1. Bring a case to the Sexual Misconduct Board at the University
  2. File criminal charges with the Commonwealth Attorney
  3. File civil suit against the assailant
  4. File Title IX complaints against the University

Some students choose not to pursue any of these options. It is our goal to make sure you have all the information you need in order to make the right decision for you


Q: Will my school or my parents find out if I talk to Ms. Pustilnik?
A: No. Our attorney works for you, not your school and not your parents. In fact, she is legally bound to confidentiality.  Your school or your parents will not find out that you spoke with Ms. Pustilnik unless you tell them.

Q: Will my assailant know I spoke to a lawyer?
A: No. Absolutely not.

Q: Do I qualify for Legal Aid? What if my parents make enough money to afford an attorney?
A: Your parent’s income is not considered when determining if you qualify for SAAF services. Neither is your car, funds held in trust for you, or other non-liquid assets. 

Q: What if my assault happened over a year ago?
A: In Virginia, there is no statute of limitations for felony sexual assault charges, like rape (or attempted rape) or aggravated sexual battery (or attempted aggravated sexual battery).  That means there is no time limit regarding when the assailant can be prosecuted for the crime.  There are just a few sexual assault crimes that are misdemeanors and have a one-year statute of limitations.

As for your options within the UVA system, it is important to know that the school’s Sexual Misconduct Board will only pursue an investigation while you and your assailant are both students.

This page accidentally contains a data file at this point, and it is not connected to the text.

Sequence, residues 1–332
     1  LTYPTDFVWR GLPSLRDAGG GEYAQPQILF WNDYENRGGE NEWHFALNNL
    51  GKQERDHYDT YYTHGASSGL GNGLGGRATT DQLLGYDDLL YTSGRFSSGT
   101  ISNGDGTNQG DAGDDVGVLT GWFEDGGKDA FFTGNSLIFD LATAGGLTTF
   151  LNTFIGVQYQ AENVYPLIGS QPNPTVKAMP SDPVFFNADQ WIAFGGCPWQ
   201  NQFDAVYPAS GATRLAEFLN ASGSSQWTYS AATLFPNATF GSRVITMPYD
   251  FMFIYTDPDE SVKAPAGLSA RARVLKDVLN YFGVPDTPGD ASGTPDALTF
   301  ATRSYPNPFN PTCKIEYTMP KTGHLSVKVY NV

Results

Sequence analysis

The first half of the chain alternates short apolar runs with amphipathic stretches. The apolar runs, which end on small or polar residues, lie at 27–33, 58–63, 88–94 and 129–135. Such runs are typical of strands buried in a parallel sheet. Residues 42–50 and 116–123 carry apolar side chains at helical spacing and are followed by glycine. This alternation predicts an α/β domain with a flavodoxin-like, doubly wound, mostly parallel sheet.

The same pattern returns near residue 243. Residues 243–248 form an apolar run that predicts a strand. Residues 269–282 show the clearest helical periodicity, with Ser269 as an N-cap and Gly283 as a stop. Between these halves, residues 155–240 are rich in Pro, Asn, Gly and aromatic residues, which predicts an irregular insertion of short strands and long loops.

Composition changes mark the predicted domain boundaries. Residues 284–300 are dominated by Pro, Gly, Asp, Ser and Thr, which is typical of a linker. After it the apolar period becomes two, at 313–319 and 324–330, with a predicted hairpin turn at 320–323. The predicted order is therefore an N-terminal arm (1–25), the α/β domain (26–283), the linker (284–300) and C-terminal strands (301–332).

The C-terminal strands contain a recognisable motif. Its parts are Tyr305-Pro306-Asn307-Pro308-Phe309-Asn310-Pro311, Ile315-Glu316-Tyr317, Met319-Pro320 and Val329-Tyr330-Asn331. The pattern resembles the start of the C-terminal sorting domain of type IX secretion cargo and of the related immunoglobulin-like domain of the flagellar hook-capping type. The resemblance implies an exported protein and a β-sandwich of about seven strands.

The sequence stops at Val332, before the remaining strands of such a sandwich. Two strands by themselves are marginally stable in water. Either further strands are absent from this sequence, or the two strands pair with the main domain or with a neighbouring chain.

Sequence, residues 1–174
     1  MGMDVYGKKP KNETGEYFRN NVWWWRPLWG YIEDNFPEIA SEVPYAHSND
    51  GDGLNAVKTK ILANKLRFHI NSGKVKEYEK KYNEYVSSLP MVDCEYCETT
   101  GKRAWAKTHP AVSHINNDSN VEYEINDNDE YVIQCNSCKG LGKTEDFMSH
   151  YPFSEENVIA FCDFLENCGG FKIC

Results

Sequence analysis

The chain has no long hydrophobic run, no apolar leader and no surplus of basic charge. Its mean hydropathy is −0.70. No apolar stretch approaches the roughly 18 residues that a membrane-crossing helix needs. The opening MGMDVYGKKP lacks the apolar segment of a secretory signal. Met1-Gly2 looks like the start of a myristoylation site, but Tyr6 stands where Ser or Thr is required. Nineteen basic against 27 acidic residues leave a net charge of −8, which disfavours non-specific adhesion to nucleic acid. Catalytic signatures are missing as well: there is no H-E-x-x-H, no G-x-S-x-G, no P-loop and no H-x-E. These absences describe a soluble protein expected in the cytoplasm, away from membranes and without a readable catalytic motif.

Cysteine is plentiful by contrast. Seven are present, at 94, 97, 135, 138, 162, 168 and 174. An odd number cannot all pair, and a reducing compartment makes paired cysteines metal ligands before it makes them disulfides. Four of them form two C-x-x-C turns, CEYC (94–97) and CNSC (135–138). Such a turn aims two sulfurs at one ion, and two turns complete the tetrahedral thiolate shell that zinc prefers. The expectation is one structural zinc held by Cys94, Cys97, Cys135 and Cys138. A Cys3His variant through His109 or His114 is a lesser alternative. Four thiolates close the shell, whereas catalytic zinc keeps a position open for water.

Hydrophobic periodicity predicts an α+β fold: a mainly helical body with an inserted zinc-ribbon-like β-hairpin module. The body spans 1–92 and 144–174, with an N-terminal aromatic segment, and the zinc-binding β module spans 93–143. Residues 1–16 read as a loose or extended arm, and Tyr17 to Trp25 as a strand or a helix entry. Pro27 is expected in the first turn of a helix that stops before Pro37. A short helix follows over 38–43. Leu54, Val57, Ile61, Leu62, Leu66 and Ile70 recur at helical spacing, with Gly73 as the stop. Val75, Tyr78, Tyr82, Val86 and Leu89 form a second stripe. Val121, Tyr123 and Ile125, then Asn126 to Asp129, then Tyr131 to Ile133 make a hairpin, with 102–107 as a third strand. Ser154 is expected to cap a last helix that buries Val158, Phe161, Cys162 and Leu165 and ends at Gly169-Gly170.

Q: What if my assault occurred off-campus or over the summer?
A: For a criminal case, it does not matter the location or time of year. Likewise for a Sexual Misconduct Board case, any assault between students is relevant regardless of the incident’s location or time of year.

Q: What if my assailant wasn’t as student?
A: You can still seek accommodation from the University, however the Sexual Misconduct Board is only used to adjudicate incidents between students. The criminal courts remain a viable option and SAAF counsel will apply to that situation.

Who We Are

We are a group of University of Virginia alumni who feel it is our obligation to provide professional legal support for survivors of sexual assault at UVA. This fund was started because survivor after survivor told us they wish they’d had a lawyer, that their cases might have turned out differently if they had, and that their assailants benefitted from having legal counsel.

We’ve partnered with Central Virginia Legal Aid Society to provide an experienced attorney – Palma Pustilnik – to meet with survivors and serve as their legal advocate regardless of what route, if any, a survivor chooses to pursue.

Our hope is that this resource will result in more survivors coming forward, and more justice for those who do. But most importantly, we hope that more survivors look back on the experience of seeking justice as empowering and not re-traumatizing.